Defining a Culture in Doha’s Desert
Over the past few years, the tiny Persian Gulf nation of Qatar has created—from scratch—one of the most important museums of Islamic art in existence as well as a distinctive collection of modern and contemporary painting and sculpture by artists from all over the Arab Middle East. Now it is building a National Museum so large and complex that the structural engineering alone will cost some half billion dollars. How did the rulers of this parched and featureless desert peninsula—a place that until recently was peripheral even to the politics and culture of the Gulf itself—come to take such a far-reaching interest in the aesthetic traditions of the Arab and Muslim world?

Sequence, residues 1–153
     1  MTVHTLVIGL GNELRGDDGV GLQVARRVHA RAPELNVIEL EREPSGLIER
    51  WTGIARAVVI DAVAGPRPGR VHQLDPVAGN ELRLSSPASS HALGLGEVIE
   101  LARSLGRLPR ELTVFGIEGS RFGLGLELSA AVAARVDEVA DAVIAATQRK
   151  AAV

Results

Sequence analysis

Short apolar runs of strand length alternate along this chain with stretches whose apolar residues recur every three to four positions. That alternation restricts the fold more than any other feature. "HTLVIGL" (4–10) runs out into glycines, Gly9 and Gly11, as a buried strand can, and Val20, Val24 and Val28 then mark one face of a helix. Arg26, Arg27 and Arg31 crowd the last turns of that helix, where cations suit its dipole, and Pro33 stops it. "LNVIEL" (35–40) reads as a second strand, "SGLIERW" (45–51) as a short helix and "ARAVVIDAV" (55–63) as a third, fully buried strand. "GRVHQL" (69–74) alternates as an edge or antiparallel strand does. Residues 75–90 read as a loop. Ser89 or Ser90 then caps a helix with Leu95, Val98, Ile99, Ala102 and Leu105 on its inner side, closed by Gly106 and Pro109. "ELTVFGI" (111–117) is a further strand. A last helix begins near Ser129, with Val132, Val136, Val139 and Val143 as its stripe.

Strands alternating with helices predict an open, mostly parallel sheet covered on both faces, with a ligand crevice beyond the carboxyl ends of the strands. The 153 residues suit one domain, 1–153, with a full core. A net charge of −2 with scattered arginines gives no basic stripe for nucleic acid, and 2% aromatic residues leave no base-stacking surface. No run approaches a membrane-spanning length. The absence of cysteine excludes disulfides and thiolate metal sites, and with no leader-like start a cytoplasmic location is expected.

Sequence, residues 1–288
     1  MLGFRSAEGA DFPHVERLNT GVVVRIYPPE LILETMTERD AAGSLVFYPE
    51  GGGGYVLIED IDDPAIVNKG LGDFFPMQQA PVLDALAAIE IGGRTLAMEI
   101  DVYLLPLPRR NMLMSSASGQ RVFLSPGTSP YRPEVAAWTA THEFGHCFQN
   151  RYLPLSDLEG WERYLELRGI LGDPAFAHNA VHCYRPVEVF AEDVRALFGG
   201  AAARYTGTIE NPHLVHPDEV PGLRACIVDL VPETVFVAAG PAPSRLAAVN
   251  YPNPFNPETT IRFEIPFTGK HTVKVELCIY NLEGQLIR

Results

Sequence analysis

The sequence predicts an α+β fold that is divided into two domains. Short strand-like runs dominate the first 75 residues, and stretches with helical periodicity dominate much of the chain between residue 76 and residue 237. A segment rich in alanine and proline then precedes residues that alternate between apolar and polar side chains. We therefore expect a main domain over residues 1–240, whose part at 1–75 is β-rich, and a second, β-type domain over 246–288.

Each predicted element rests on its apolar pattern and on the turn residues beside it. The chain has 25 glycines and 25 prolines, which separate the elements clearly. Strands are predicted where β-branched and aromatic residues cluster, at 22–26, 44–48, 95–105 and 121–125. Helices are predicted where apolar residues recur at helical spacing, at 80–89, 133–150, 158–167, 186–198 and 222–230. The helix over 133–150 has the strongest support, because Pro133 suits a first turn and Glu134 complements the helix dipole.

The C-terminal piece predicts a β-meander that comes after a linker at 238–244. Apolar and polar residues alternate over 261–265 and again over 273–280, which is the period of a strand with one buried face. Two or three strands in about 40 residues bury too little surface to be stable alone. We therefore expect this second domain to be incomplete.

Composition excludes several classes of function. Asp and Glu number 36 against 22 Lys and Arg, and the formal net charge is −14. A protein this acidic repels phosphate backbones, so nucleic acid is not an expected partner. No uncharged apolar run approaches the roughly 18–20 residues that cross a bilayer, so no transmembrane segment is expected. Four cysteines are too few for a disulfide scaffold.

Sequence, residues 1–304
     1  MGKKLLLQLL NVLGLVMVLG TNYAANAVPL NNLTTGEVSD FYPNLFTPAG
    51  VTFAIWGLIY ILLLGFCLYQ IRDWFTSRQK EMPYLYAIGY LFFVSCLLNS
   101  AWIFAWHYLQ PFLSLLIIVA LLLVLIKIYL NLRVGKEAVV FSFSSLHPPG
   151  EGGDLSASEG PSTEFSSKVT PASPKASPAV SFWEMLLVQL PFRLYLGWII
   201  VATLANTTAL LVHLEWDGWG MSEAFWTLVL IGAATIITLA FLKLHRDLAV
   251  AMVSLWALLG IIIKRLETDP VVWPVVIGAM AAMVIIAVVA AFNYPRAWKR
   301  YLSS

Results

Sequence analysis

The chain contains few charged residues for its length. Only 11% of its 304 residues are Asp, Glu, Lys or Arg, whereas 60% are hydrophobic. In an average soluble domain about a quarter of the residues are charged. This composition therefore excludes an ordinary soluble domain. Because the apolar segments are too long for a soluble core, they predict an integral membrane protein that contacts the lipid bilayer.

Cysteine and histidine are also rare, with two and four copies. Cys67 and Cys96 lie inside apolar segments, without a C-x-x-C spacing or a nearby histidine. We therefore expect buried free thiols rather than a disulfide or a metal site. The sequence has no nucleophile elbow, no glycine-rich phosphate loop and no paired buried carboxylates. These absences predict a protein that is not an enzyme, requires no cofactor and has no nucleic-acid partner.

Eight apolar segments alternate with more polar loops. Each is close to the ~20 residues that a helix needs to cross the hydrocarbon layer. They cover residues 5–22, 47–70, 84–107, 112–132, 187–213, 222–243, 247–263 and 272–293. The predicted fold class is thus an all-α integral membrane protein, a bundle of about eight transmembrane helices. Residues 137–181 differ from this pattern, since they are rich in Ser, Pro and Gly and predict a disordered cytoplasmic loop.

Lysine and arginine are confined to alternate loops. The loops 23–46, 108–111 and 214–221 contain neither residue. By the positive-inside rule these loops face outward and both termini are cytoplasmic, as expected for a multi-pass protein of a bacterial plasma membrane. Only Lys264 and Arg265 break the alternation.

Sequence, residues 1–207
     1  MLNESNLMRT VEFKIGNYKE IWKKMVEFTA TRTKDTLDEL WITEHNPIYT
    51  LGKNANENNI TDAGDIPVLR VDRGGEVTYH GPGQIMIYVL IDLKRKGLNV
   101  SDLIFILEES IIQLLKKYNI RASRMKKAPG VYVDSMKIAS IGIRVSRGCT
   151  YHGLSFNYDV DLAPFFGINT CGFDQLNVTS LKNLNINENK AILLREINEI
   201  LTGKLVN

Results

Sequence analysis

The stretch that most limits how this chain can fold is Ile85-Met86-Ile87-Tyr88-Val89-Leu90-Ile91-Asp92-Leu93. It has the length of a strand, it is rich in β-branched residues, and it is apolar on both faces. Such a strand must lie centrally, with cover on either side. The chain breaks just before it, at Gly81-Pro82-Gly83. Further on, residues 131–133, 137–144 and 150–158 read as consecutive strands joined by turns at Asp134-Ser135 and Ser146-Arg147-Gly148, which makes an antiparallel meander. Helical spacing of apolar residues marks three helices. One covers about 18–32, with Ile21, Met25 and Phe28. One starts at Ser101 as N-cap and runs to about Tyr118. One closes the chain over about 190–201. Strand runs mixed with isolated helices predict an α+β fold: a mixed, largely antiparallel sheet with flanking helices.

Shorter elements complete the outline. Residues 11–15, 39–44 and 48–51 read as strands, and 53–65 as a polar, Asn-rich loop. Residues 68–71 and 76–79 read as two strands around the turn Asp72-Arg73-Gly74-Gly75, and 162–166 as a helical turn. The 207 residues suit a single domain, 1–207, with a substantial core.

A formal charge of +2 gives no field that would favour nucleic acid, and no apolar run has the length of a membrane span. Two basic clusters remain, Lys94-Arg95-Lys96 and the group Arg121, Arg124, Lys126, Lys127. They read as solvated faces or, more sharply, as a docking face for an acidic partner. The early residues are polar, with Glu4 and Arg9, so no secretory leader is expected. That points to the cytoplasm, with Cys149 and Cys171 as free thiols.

November 20, 2011